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There are several ways to harvest salads from the garden. The method I use is to pick leaves and flowers from greens and herbs. I don't typically grow lettuces to maturity anymore. I just cut leaves or cut the lettuces when small and leave the roots in the ground. They will grow again. I prefer the freshness versus a big cut head sitting in the refrigerator.
Here is what you can get from an early Spring garden. Keep in mind I have greens and onions that over-wintered. Something you can prepare for in the Fall.
|Batavian Endive - The Rusted Garden: Gary Pilarchik|
The 'Batavian' endive is slightly bitter and has a creamy texture. Most greens are less bitter in the Spring because of the cool weather. I cut three clumps from my containers and left the roots in the soil. I just set it on the deck and picked out the good leaves.
|A Few Leaves of 'Red Russian' Kale: Gary Pilarchik|
|Peas I Planted Back in March: Gary Pilarchik|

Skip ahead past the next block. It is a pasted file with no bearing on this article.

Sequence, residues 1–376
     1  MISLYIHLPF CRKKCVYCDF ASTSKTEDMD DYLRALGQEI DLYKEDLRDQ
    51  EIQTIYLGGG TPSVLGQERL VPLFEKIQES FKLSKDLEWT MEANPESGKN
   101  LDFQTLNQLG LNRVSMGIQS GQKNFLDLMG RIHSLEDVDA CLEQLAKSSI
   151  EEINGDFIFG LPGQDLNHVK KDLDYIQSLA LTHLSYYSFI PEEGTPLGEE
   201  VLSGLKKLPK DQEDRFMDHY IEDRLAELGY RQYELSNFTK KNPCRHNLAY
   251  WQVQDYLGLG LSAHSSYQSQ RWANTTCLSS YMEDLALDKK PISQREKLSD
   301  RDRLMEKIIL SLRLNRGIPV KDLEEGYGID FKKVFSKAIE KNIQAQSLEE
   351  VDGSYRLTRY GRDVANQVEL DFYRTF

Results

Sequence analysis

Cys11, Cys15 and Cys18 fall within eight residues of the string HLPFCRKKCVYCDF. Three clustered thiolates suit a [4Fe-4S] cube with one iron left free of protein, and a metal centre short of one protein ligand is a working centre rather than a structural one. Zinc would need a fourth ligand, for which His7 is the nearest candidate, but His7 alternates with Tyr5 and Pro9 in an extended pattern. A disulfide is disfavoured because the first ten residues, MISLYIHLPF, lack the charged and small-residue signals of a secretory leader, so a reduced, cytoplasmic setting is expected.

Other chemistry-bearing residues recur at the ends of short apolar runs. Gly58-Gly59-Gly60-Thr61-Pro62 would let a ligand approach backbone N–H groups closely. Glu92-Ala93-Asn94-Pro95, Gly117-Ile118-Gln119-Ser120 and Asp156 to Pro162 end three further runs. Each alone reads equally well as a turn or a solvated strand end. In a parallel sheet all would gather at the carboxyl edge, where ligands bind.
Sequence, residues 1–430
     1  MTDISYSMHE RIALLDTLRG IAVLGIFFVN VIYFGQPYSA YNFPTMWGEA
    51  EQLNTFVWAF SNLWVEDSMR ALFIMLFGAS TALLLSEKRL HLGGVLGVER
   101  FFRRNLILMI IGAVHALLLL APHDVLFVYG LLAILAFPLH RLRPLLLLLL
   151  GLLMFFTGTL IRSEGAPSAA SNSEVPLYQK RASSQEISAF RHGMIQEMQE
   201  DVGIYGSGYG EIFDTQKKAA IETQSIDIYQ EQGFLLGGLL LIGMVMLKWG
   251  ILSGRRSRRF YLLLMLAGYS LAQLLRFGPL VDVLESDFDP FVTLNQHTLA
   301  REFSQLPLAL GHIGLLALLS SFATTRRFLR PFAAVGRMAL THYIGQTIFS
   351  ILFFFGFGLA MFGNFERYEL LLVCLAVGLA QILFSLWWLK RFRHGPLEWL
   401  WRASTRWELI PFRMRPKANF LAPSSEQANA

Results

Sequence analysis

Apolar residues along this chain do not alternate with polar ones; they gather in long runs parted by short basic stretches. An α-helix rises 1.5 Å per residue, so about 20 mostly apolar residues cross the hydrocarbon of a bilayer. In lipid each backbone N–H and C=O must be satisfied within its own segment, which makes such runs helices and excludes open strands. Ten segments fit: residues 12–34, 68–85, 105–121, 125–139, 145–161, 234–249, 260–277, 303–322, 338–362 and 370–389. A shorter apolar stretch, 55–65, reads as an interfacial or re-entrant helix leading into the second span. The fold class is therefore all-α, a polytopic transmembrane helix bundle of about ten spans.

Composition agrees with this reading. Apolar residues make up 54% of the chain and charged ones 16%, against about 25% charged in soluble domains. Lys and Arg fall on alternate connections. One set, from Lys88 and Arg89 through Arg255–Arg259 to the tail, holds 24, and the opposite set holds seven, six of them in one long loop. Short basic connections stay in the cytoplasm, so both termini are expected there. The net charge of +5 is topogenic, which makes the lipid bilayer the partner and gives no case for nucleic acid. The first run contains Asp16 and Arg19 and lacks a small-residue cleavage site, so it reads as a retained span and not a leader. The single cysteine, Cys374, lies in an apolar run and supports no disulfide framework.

Do you know what pea leaves taste like? Have you used them in salads? They are a great tasting sweet green with a hint of pea taste to them. Take a few from plants here and there. You don't want to harm growth. A few leaves won't matter.
|An Onion from the Container that Over-Wintered: Gary Pilarchik|
You need an onion in any respectable Spring salad. You can use the whites and green stem. The parsley is what I started in January in seed trays. Next year I can start it in February. It is getting to large for the cups. A few parsley leaves adds a nice flavor contrast. Parsley is also sweeter in the cool weather.
|Parsley in a Cup - The Rusted Garden: Gary Pilarchik|
Here are the Food Network money shots. I think I would love having a job taking pictures of vegetables. The salad is dressed with vinegar, oil and salt. Nothing fancy as to let the flavors of the salad come through. It tasted great. I had it right after work and it was picked to order and packed with flavor. It went from garden to bowl in about 20 minutes.
|Fresh Picked Garden Greens - The Rusted Garden: Gary Pilarchik|
|A Dressed Mixed Greens Spring Salad: Gary Pilarchik|